(Never thought I'd be discussing my back crotch curve on the internet!)

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  9. One of the reasons that the pants are wrinkling is that the fit of "pedal pushers" back in the day was not as closely fitted as is currently popular. They would have been fitted closely at the waist, and evenly through the upper hip, of course, but the lower crotch area and legs would have had more than a bit of ease.

    What makes your original "clown pants" look so goofy is that the waist and hip are so huge. The legs and crotch in your clown pants picture look quite like the original image; could you imagine just gradually fitting the upper hip and waist on that, it might give you the smooth look of the original pattern...

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  10. This is so fascinating! I never would have thought about crotch curve, so I'm excited to hear about your fix!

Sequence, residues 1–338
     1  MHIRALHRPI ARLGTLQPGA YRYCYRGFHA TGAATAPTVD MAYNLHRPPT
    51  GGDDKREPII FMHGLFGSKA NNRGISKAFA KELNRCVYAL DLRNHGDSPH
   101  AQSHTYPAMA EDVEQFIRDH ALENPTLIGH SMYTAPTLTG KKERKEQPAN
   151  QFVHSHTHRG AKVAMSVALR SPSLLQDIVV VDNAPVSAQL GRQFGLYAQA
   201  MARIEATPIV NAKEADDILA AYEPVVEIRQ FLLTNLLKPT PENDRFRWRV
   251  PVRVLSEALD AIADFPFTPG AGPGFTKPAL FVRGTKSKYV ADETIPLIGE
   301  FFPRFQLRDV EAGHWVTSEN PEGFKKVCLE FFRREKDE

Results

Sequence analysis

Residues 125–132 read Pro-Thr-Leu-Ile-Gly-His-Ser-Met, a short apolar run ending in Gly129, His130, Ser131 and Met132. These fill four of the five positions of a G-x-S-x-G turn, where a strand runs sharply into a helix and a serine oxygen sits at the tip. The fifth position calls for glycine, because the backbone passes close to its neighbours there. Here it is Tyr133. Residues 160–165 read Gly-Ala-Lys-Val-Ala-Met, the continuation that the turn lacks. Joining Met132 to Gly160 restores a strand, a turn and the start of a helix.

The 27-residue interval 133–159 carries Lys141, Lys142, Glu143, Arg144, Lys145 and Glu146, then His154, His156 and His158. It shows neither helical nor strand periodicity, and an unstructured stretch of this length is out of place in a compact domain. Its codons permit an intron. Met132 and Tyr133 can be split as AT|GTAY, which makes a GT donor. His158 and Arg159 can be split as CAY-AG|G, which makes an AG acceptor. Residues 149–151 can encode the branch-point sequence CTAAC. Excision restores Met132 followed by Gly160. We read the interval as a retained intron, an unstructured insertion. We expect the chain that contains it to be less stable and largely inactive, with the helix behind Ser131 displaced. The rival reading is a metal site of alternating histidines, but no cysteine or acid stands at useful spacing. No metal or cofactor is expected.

I'm hoping to get a pair of capris in before the summer's done. Part of the reason I haven't chosen a vintage pattern is precisely what several readers have mentioned -- in my head the trouser is more fitted to the body than the pattern really is and I keep screwing it up trying to turn it into something it's not (this happened with a vintage 60s pattern). But you look very, very close :) I'm sure they'll be fabulous!

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  11. Have you tried measuring your inseam (front and back) and then measuring the inseam of your pattern to make sure it's a good fit?